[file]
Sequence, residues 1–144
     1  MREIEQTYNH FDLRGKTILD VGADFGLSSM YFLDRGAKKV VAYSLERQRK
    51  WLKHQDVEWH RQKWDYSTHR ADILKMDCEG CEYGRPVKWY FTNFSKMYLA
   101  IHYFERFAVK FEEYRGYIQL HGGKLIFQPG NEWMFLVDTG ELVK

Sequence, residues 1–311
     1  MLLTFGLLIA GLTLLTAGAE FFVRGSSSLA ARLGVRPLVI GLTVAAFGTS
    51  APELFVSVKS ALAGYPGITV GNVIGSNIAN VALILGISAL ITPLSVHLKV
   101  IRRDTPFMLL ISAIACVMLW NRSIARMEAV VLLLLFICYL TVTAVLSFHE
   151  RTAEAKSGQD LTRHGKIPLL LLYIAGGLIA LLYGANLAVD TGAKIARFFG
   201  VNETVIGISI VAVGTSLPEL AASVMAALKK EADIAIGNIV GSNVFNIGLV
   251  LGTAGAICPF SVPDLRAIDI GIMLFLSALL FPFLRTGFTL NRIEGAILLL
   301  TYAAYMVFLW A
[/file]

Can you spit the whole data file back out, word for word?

Sequence, residues 1–144
     1  MREIEQTYNH FDLRGKTILD VGADFGLSSM YFLDRGAKKV VAYSLERQRK
    51  WLKHQDVEWH RQKWDYSTHR ADILKMDCEG CEYGRPVKWY FTNFSKMYLA
   101  IHYFERFAVK FEEYRGYIQL HGGKLIFQPG NEWMFLVDTG ELVK

Sequence, residues 1–311
     1  MLLTFGLLIA GLTLLTAGAE FFVRGSSSLA ARLGVRPLVI GLTVAAFGTS
    51  APELFVSVKS ALAGYPGITV GNVIGSNIAN VALILGISAL ITPLSVHLKV
   101  IRRDTPFMLL ISAIACVMLW NRSIARMEAV VLLLLFICYL TVTAVLSFHE
   151  RTAEAKSGQD LTRHGKIPLL LLYIAGGLIA LLYGANLAVD TGAKIARFFG
   201  VNETVIGISI VAVGTSLPEL AASVMAALKK EADIAIGNIV GSNVFNIGLV
   251  LGTAGAICPF SVPDLRAIDI GIMLFLSALL FPFLRTGFTL NRIEGAILLL
   301  TYAAYMVFLW A